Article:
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Ecology Unit

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... Nutrient Cycles Cycling maintains homeostasis (balance) in the ... Biotic factors- all living organisms inhabiting the Earth Abiotic factors ... – PowerPoint PPT presentation

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Title: Ecology Unit


1
Ecology Unit
  • Biology

2
Key concepts include
  • interactions within and among populations
  • nutrient cycling with energy flow through
    ecosystems
  • the effects of natural events and human
    activities on ecosystems

3
What is ecology?
  • Ecology- the scientific study of interactions
    between organisms and their environments,
    focusing on energy transfer
  • It is a science of relationships.

4
What do you mean by environment?
  • The environment is made up of two factors
  • Biotic factors- all living organisms inhabiting
    the Earth
  • Abiotic factors- nonliving parts of the
    environment (i.e. temperature, soil, light,
    moisture, air currents)

5
How are Parts of the Living World organized?
  • Biggest to Smallest (or Smallest to Biggest)
  • or
  • Most Complex to Simplest (or Simplest to Most
    Complex)
  • (see next slide)

6
Biosphere
Ecosystem
Community
Population
Organism
7
  • Organism- any unicellular or multicellular living
    thing (exhibiting all of the characteristics of
    life).
  • The lowest level of organization

8
Population-a group of organisms of one species
living in the same place that interbreed and
compete with each other for resources (ex. food,
mates, shelter)
9
Community- the interacting populations that
inhabit the same environment (and are
interdependent).
10
Ecosystem- The living and non-living factors
interacting in an area (ex. marine, terrestrial)
11
  • Biosphere- the life supporting portions of Earth
    composed of air, land, and water (fresh and
    salt).
  • The highest level of organization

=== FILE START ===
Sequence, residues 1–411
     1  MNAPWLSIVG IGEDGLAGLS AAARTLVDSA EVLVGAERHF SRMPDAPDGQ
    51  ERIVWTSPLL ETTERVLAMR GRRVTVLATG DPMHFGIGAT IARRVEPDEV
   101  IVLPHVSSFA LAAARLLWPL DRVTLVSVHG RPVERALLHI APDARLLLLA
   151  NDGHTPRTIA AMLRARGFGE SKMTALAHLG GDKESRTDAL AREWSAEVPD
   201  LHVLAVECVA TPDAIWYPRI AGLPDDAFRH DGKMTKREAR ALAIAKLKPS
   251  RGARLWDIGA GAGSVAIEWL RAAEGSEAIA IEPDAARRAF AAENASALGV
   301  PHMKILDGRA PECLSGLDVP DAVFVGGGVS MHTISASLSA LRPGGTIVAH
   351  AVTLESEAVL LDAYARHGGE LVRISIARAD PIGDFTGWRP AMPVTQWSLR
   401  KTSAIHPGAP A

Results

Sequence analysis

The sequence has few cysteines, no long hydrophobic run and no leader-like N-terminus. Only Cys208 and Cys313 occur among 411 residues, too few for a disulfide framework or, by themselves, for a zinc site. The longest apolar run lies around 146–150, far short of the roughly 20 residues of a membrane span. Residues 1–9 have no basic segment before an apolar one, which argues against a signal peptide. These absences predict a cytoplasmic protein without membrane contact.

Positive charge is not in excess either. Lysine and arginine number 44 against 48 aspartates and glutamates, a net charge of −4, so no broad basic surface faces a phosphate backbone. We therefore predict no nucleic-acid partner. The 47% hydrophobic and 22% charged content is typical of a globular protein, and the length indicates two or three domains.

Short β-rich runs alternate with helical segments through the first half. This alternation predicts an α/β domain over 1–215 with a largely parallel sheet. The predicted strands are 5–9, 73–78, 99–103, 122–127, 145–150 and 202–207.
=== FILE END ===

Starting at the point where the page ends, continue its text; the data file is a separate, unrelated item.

12
  • The ecological niche of an organism depends not
    only on where it lives but also on what it does.
    By analogy, it may be said that the habitat is
    the organism's address, and the niche is its
    profession, biologically speaking.
  • Odum - Fundamentals of Ecology

13
  • Habitat vs. Niche

Niche - the role of a species in a community
its feeding relationships producer or
consumer. Habitat- the place in which an
organism lives (its home)
14
  • Habitat vs. Niche

A niche is determined by an organisms limiting
factors. Limiting factor- any thing (biotic or
abiotic) that restricts the growth of a
population.
15
Limiting Factors
  • Density Dependent (limiting factor) any limiting
    factor whose affect is changed by a populations
    density.
  • Ex Disease, Predation, Hunting
  • Density Independent (limiting factor) any
    limiting factor whose affect is not changed by a
    populations density.
  • Ex Fire, Tornado, Volcanic Eruption

16
Feeding Relationships
  • There are 3 main types of feeding relationships
  • 1. Producer- Consumer
  • 2. Predator- Prey
  • 3. Parasite- Host

17
Feeding Relationships
  • Producer- autotrophs (plants algae) that trap
    energy from the sun
  • Bottom of the food chain

18
Feeding Relationships
  • Consumer- all heterotrophs they eat other
    organisms.
  • Four Types
  • Herbivores
  • Carnivores
  • Omnivores
  • Decomposers

19
Feeding Relationships
  • Consumer-
  • Herbivores
  • Eat plants
  • Primary consumers
  • Prey animals

20
Feeding Relationships
  • Consumer-Carnivores-eat meat
  • Predators
  • Hunt prey
  • animals for food.

21
Feeding Relationships
  • Consumer- Carnivores- eat meat
  • Scavengers
  • Feed on carrion,
  • dead animals

22
Feeding Relationships
  • Consumer- Omnivores -eat both plants
  • and animals

23
Feeding Relationships
  • Consumer- Decomposers
  • Consume dead organisms
  • Breakdown the complex compounds of dead and
    decaying plants and animals into simpler
    molecules that can be absorbed

24
Symbiotic Relationships
  • Symbiosis- two species living together